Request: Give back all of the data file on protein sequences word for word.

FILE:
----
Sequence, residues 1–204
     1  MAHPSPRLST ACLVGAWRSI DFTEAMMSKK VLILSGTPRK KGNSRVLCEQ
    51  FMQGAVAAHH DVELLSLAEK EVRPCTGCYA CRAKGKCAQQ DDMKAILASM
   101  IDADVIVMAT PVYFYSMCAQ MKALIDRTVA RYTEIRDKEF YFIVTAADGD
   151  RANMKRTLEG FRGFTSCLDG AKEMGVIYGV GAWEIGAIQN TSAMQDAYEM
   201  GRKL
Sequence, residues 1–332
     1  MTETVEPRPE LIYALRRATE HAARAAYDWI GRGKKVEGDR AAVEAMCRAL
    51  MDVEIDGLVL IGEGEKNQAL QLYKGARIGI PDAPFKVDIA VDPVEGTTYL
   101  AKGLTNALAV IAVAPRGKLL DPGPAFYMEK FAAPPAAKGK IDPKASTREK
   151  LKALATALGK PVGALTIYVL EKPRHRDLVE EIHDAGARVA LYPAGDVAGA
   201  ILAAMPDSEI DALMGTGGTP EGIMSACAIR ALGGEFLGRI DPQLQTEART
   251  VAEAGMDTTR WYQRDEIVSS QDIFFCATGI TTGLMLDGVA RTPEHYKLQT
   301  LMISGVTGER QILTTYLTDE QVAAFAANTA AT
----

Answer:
Sequence, residues 1–204
     1  MAHPSPRLST ACLVGAWRSI DFTEAMMSKK VLILSGTPRK KGNSRVLCEQ
    51  FMQGAVAAHH DVELLSLAEK EVRPCTGCYA CRAKGKCAQQ DDMKAILASM
   101  IDADVIVMAT PVYFYSMCAQ MKALIDRTVA RYTEIRDKEF YFIVTAADGD
   151  RANMKRTLEG FRGFTSCLDG AKEMGVIYGV GAWEIGAIQN TSAMQDAYEM
   201  GRKL
Sequence, residues 1–332
     1  MTETVEPRPE LIYALRRATE HAARAAYDWI GRGKKVEGDR AAVEAMCRAL
    51  MDVEIDGLVL IGEGEKNQAL QLYKGARIGI PDAPFKVDIA VDPVEGTTYL
   101  AKGLTNALAV IAVAPRGKLL DPGPAFYMEK FAAPPAAKGK IDPKASTREK
   151  LKALATALGK PVGALTIYVL EKPRHRDLVE EIHDAGARVA LYPAGDVAGA
   201  ILAAMPDSEI DALMGTGGTP EGIMSACAIR ALGGEFLGRI DPQLQTEART
   251  VAEAGMDTTR WYQRDEIVSS QDIFFCATGI TTGLMLDGVA RTPEHYKLQT
   301  LMISGVTGER QILTTYLTDE QVAAFAANTA AT